KEEPING YOUR EGS FRESH with WaterGlassgreenspun.com : LUSENET : TimeBomb 2000 (Y2000) Preparation Forum : One Thread
This is a low cost tip I haven't yet seeen discussed on the forums: before the advent of household refrigerators it was common to have a tub or urn filled with WATERGLASS aka sodium silicate, into which fresh eggs would be placed to preserve their freshness longer.... how long, I do not know. Sodium silicate is sclear and gloppy, looking like very viscous or gelatinous water. You should have no trouble ordering it or finding it through your pharmacist, or maybe their are other sources. the stuff is virtually inert, non-toxic, and impermeable to oxygen .... so your fresh eggs placed in it keep well for ???? months I would think. Old Git or some of the other down-toearther's should be familiar with this. My father said his family always had a ceramic jug filled with waterglass that they kept their eggs in.
Squirrel Hunter >"<
-- SH (firstname.lastname@example.org), November 23, 1999
From: Y2K, ` la Carte by Dancr (pic), near Monterey, California
I'm redirecting folks from Tim Zigler's thread at the TB2K Classic Forum on How long do eggs keep? to here.
I've been happy with the dehydrated eggs that I bought from The Egg Store.
-- Dancr (email@example.com), November 23, 1999.
I purchased some water glass (Rutland Silicate Sealer from Lehman's, page 150 of their catalog, $21.95, will preserve 50 dozen eggs.) I mixed it with water (11 to 1) and put it in a 5-gal ceramic crock. Then I put 2 dozen eggs in it and covered it with a cloth to keep out any dust. Two months later (today), we ate fried eggs for brunch. They were fine. No problems, except one. The waterglass has started to solidify. A crust had formed on the top which almost caused me to break the eggs, while trying to remove them. Apparently, the water evaporation out of the crock has caused this problem. I re-read the directions on the container and it says to keep the container covered to prevent drying out. I had followed some internet instructions received earlier, to just cover with a cloth. I suppose if I had added some additional water every 2 weeks or so, I might have avoided this problem. However, now that I have replaced the solution in the crock, I am now going to cover it with a plastic bag to prevent future evaporation. Yes, I had to dump the old solution. I tried to add water to it, but the chucks of waterglass would not dissolve. So I dumped it all, cleaned the crock, added new solution and 3 dozen eggs. Then I placed a plastic bag over it, which fits tight enough to prevent evaporation. This should be good for 4 months, barring any other unforeseen problems!!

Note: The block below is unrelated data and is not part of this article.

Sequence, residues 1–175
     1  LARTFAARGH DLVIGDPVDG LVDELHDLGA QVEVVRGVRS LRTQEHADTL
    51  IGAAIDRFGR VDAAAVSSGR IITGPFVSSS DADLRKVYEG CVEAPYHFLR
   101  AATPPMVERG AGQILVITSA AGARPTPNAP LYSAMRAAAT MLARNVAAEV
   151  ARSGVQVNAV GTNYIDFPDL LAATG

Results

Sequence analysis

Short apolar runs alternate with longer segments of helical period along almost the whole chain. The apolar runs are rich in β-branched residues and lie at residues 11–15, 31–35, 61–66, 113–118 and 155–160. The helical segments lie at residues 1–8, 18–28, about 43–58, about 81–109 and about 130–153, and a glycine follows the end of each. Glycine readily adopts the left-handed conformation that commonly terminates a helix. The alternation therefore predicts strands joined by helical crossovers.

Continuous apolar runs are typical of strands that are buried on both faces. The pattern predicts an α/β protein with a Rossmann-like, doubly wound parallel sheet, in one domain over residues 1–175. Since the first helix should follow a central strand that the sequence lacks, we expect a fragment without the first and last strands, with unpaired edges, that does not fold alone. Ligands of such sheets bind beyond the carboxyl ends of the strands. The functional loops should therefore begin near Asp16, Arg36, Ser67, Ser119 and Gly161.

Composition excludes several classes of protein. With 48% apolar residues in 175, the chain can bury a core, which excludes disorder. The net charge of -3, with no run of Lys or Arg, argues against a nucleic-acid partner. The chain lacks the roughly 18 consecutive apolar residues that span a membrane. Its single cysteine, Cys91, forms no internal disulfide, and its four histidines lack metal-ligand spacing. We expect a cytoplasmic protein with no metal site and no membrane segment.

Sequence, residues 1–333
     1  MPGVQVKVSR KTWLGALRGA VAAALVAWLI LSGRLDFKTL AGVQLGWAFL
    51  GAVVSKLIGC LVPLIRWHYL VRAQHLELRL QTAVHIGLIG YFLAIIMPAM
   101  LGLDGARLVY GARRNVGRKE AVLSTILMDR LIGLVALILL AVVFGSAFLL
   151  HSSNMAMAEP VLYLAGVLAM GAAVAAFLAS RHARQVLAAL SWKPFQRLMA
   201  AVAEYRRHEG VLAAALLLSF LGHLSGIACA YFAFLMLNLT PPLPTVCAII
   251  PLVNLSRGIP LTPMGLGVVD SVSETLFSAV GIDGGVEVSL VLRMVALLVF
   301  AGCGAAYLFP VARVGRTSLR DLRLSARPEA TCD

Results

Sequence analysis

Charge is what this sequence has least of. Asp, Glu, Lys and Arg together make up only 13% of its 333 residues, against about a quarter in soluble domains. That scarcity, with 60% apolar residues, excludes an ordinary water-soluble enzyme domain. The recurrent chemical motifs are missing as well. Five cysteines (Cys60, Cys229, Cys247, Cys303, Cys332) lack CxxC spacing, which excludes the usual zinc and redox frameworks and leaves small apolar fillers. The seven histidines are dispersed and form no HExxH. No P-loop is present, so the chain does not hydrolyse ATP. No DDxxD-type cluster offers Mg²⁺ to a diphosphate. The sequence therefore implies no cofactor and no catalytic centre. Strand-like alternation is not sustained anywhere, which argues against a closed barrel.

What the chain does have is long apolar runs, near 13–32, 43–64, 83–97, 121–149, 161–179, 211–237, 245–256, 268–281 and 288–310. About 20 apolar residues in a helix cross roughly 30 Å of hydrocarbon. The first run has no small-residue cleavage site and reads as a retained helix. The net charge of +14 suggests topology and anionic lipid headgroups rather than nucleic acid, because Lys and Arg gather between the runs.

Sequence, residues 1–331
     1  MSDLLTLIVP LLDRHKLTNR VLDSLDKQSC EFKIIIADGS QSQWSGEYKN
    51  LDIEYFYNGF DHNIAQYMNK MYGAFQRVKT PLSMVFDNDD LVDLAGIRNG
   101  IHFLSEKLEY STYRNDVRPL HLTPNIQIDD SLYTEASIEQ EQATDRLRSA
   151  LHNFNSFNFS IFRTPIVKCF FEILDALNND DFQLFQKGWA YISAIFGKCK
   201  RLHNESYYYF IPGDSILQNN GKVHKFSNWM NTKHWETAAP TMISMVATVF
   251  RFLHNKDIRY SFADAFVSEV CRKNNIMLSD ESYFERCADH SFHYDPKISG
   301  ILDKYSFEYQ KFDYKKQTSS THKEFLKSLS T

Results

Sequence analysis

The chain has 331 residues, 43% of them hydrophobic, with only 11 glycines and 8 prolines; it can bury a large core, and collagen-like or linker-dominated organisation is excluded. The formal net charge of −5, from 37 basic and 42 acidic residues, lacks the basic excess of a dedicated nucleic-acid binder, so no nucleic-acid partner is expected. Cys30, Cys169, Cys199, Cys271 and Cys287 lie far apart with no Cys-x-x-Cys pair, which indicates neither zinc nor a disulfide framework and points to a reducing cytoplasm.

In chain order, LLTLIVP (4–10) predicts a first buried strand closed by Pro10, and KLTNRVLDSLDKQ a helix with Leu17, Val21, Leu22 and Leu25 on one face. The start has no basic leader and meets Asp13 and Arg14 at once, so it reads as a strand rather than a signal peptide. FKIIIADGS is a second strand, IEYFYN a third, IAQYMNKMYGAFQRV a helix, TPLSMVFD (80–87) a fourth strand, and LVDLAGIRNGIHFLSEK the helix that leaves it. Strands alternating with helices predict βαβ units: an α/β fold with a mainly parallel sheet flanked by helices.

-- cora (firstname.lastname@example.org), November 26, 1999.